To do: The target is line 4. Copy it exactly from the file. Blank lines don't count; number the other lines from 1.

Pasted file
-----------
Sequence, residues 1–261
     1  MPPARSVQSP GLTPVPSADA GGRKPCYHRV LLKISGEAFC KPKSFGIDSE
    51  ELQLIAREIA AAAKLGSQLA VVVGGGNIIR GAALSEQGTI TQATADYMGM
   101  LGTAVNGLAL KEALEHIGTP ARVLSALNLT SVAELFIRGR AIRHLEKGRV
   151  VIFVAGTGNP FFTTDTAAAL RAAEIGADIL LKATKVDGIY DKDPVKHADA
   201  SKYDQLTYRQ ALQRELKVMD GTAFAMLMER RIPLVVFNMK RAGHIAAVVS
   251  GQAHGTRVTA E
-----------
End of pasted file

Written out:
   101  LGTAVNGLAL KEALEHIGTP ARVLSALNLT SVAELFIRGR AIRHLEKGRV